I've spent a few days now trying to make Spark work with my Jupyter Notebook and Anaconda. Here's what my .bash_profile looks like:


export JAVA_HOME="/my/path/to/jdk"
export PYTHON_PATH="/my/path/to/anaconda3/bin/python"
export PYSPARK_PYTHON="/my/path/to/anaconda3/bin/python"

export PATH=$PATH:/my/path/to/spark-2.1.0-bin-hadoop2.7/bin
export PYSPARK_DRIVER_PYTHON_OPTS="notebook" pyspark
export SPARK_HOME=/my/path/to/spark-2.1.0-bin-hadoop2.7
alias pyspark="pyspark --conf spark.local.dir=/home/puifais --num-executors 30 --driver-memory 128g --executor-memory 6g --packages com.databricks:spark-csv_2.11:1.5.0"

When I type /my/path/to/spark-2.1.0-bin-hadoop2.7/bin/spark-shell, I can launch Spark just fine in my command line shell. And the output sc is not empty. It seems to work fine.

When I type pyspark, it launches my Jupyter Notebook fine. When I create a new Python3 notebook, this error appears:

[IPKernelApp] WARNING | Unknown error in handling PYTHONSTARTUP file /my/path/to/spark-2.1.0-bin-hadoop2.7/python/pyspark/shell.py: 

And sc in my Jupyter Notebook is empty.

Can anyone help solve this situation?

Just want to clarify: There is nothing after the colon at the end of the error. I also tried to create my own start-up file using this post and I quote here so you don't have to go look there:

I created a short initialization script init_spark.py as follows:

from pyspark import SparkConf, SparkContext
conf = SparkConf().setMaster("yarn-client")
sc = SparkContext(conf = conf)

and placed it in the ~/.ipython/profile_default/startup/ directory

When I did this, the error then became:

[IPKernelApp] WARNING | Unknown error in handling PYTHONSTARTUP file /my/path/to/spark-2.1.0-bin-hadoop2.7/python/pyspark/shell.py:
[IPKernelApp] WARNING | Unknown error in handling startup files:
  • What is the rest of the warning text? There's a colon at the end of that line, is there anything that comes after it?
    – darthbith
    Dec 15, 2017 at 0:51
  • No! It's empty. There is nothing after the comma.
    – puifais
    Dec 15, 2017 at 1:05
  • What if you delete that alias line, or try deleting some of the options from it? Does the error change?
    – darthbith
    Dec 15, 2017 at 1:57
  • Just tried removing the alias. No difference. Still the same error :(
    – puifais
    Dec 15, 2017 at 17:16
  • Here's a related link which could possibly help stackoverflow.com/questions/33908156/…. Adding pyspark-shell to PYSPARK_SUBMIT_ARGS is the key. Jan 25, 2018 at 12:24

3 Answers 3


Well, it really gives me pain to see how crappy hacks, like setting PYSPARK_DRIVER_PYTHON=jupyter, have been promoted to "solutions" and tend now to become standard practices, despite the fact that they evidently lead to ugly outcomes, like typing pyspark and ending up with a Jupyter notebook instead of a PySpark shell, plus yet-unseen problems lurking downstream, such as when you try to use spark-submit with the above settings... :(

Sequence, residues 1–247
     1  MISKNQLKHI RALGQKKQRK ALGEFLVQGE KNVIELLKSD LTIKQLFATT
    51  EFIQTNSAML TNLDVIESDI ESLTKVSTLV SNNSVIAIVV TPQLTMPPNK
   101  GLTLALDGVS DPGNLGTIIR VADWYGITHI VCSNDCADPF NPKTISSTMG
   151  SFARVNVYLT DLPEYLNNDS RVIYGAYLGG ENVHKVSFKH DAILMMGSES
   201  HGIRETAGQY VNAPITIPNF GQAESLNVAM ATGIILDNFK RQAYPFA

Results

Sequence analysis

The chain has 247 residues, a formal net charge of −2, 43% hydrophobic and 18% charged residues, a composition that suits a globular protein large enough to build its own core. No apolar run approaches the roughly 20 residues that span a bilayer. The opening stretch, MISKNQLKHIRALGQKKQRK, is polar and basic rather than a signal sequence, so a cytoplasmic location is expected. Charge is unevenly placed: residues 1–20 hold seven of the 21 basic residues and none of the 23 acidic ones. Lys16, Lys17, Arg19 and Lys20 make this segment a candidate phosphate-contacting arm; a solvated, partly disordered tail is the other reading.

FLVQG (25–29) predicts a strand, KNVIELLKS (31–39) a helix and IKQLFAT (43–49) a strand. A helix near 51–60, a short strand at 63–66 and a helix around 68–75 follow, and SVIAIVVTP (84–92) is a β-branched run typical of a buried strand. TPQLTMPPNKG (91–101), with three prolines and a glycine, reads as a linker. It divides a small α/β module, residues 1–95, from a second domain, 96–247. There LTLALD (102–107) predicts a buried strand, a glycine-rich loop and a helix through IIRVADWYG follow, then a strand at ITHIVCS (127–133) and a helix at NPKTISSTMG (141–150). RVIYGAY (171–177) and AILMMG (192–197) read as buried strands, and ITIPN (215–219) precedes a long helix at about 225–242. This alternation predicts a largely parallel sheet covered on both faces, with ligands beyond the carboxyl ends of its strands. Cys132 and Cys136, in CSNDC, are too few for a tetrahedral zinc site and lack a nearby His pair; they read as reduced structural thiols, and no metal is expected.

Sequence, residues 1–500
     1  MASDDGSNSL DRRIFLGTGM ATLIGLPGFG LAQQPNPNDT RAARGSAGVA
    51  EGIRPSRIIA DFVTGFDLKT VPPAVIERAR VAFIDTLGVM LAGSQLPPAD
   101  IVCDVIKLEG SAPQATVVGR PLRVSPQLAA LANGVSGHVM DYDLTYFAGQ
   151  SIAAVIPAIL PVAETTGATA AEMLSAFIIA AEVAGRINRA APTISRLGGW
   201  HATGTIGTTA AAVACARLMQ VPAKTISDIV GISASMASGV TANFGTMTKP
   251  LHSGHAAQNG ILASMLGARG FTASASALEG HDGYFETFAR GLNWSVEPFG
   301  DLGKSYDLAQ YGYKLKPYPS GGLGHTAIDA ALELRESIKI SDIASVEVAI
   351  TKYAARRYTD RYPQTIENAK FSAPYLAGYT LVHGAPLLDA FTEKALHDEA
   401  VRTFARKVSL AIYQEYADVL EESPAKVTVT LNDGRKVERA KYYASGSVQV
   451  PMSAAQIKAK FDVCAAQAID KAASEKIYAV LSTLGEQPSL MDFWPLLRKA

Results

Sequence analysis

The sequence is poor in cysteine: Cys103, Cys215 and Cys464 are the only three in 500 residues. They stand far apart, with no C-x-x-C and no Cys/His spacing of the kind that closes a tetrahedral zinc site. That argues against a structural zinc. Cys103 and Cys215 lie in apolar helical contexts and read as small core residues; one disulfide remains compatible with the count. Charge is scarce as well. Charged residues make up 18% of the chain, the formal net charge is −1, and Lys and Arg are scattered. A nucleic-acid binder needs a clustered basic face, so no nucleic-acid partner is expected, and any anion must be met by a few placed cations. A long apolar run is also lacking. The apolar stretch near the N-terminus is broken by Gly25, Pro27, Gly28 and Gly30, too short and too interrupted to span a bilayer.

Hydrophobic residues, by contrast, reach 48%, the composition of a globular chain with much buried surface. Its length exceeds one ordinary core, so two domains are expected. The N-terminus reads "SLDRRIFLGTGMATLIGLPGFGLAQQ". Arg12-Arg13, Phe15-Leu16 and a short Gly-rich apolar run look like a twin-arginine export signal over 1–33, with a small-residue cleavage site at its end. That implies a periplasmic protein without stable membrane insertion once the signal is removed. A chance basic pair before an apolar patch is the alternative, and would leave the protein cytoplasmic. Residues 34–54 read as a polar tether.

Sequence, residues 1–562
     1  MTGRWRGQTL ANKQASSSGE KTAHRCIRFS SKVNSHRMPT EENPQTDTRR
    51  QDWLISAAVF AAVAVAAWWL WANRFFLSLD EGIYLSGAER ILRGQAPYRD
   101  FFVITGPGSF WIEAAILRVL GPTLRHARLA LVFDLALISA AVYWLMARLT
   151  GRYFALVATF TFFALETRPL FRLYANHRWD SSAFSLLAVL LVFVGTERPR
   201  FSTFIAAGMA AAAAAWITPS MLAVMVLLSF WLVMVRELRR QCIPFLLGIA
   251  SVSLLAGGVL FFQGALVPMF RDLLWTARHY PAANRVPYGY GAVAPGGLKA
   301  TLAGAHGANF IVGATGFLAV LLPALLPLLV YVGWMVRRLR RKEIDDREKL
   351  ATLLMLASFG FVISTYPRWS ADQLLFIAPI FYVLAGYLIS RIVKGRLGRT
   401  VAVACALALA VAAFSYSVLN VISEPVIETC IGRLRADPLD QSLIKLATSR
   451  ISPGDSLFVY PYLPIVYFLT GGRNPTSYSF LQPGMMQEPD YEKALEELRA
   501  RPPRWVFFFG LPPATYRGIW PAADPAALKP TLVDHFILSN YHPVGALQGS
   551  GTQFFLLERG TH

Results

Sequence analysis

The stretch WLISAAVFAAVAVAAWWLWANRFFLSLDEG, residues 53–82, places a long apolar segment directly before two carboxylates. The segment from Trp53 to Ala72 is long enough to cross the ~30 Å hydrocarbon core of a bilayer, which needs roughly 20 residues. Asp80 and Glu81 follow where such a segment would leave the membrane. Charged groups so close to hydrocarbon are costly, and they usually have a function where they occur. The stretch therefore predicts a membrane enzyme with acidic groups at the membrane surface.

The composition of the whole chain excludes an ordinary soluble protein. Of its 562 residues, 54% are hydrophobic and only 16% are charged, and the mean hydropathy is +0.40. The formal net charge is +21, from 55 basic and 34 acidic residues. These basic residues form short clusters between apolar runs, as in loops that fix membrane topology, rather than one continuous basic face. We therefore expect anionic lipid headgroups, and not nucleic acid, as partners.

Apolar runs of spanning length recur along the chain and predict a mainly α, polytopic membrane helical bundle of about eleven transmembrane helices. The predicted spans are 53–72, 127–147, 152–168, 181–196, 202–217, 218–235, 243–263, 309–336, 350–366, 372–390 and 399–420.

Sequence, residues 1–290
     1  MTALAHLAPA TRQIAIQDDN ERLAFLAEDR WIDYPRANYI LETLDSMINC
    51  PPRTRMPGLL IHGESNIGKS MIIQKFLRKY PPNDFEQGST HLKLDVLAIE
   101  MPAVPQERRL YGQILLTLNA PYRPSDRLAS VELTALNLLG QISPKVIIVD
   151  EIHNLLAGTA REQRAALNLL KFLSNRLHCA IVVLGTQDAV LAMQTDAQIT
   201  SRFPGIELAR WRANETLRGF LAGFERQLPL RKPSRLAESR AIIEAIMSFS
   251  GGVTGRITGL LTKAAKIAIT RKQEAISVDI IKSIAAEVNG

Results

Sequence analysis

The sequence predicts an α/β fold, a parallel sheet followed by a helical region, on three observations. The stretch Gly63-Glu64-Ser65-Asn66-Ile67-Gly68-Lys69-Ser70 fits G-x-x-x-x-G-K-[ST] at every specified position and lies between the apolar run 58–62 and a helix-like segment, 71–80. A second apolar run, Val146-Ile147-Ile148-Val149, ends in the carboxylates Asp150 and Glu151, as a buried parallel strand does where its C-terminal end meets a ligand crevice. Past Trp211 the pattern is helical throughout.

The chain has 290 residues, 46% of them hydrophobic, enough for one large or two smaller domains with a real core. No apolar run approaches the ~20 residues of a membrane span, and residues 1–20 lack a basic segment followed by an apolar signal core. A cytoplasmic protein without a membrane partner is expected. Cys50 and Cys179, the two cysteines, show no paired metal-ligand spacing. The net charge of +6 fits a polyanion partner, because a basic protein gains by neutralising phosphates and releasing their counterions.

(Don't get me wrong, it is not your fault and I am not blaming you; I have seen dozens of posts here at SO where this "solution" has been proposed, accepted, and upvoted...).

At the time of writing (Dec 2017), there is one and only one proper way to customize a Jupyter notebook in order to work with other languages (PySpark here), and this is the use of Jupyter kernels.

The first thing to do is run a jupyter kernelspec list command, to get the list of any already available kernels in your machine; here is the result in my case (Ubuntu):

$ jupyter kernelspec list
Available kernels:
  python2       /usr/lib/python2.7/site-packages/ipykernel/resources
  caffe         /usr/local/share/jupyter/kernels/caffe
  ir            /usr/local/share/jupyter/kernels/ir
  pyspark       /usr/local/share/jupyter/kernels/pyspark
  pyspark2      /usr/local/share/jupyter/kernels/pyspark2
  tensorflow    /usr/local/share/jupyter/kernels/tensorflow

The first kernel, python2, is the "default" one coming with IPython (there is a great chance of this being the only one present in your system); as for the rest, I have 2 more Python kernels (caffe & tensorflow), an R one (ir), and two PySpark kernels for use with Spark 1.6 and Spark 2.0 respectively.

The entries of the list above are directories, and each one contains one single file, named kernel.json. Let's see the contents of this file for my pyspark2 kernel:

 "display_name": "PySpark (Spark 2.0)",
 "language": "python",
 "argv": [
 "env": {
  "SPARK_HOME": "/home/ctsats/spark-2.0.0-bin-hadoop2.6",
  "PYTHONPATH": "/home/ctsats/spark-2.0.0-bin-hadoop2.6/python:/home/ctsats/spark-2.0.0-bin-hadoop2.6/python/lib/py4j-0.10.1-src.zip",
  "PYTHONSTARTUP": "/home/ctsats/spark-2.0.0-bin-hadoop2.6/python/pyspark/shell.py",